Sylvia Plath Wasn't Just 'Queen of Melancholia'
The Airship (a cultural purveyor from the friendly skies) has a piece on Sylvia Plath's non-depression! Gennie Rivieccio notes that Plath "did in fact live a very pleasant life before her demise." More:
What made Plath her most ecstatic in 1953 was winning a guest editorship at Mademoiselle in New York City. In Elizabeth Winder's Pain, Parties, Work: Sylvia Plath in New York, Summer 1953, Plath's ambition to be a writer stands in sharp contrast to the common perception of her as a wilting flower. "Sylvia was in the middle of her waitressing shift when she received a telegram — she had won Mademoiselle's fiction contest — which meant a cash prize of $500 dollars and publication in the August college issue,” writes Winder. “For the first time, the possibility of supporting herself as a writer seemed real." The excitement of fulfilling her wish to go to New York City trumped every other disappointment Plath was feeling at the time, most of which related to the dating scene.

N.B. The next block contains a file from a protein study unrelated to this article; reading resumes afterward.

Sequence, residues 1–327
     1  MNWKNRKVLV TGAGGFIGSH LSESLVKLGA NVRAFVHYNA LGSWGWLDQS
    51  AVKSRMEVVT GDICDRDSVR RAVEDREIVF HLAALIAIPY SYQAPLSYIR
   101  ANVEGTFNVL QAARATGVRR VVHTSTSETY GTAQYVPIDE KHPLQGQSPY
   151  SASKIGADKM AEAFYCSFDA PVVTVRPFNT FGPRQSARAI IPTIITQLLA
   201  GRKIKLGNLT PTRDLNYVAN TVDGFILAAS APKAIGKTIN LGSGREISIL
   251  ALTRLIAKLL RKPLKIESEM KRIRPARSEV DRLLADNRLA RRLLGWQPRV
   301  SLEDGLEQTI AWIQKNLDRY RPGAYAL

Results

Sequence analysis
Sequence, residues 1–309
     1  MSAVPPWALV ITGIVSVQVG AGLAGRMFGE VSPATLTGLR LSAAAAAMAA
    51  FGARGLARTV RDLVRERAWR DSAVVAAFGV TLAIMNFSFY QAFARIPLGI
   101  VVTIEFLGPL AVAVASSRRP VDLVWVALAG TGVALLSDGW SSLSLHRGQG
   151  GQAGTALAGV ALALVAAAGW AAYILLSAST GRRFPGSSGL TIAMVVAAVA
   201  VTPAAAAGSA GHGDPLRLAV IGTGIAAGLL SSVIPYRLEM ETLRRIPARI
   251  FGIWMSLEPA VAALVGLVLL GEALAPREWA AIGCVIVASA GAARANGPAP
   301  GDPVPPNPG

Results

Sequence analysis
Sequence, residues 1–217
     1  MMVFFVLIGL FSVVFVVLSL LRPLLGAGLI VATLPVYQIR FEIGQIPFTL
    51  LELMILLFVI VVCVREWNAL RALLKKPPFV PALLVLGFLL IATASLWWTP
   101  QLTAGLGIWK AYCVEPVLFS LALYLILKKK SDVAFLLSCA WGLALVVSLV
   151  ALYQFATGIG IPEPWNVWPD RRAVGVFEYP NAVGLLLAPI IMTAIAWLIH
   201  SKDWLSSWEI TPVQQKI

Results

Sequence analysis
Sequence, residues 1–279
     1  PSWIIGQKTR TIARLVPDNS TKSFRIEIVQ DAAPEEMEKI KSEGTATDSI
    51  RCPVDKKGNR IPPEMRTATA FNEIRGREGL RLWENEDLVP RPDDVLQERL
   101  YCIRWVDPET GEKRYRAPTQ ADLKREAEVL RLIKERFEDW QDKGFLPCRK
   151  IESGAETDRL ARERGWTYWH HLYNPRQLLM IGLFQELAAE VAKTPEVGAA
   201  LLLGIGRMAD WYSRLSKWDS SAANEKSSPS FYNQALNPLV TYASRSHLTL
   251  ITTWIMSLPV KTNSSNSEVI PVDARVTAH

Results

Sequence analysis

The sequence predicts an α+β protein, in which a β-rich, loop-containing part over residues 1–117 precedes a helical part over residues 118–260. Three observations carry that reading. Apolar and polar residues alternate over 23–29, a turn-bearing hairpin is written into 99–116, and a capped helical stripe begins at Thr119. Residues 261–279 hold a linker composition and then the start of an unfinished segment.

Arriving in New York, the young writer was swept away by the intensity and the glamor of the city, though this dissipated by the end of her guest editorship, a descent depicted in The Bell Jar. But before this steady decline, Plath was concerned with all the things someone working as a fashion editor should be: "Sylvia prized beauty and form. She was addicted to beauty, devoted to beauty — she worshipped Beauty,” writes Winder in Pain, Parties, Work. “She cut away at her life until it fit the gorgeous blueprint she made for it." However, the tedious responsibilities Plath was given at Mademoiselle tended to crumble her spirit, contradicting the vision she had of interviewing writers like Truman Capote and Dylan Thomas. (Mademoiselle was actually quite literary during this part of the 20th century).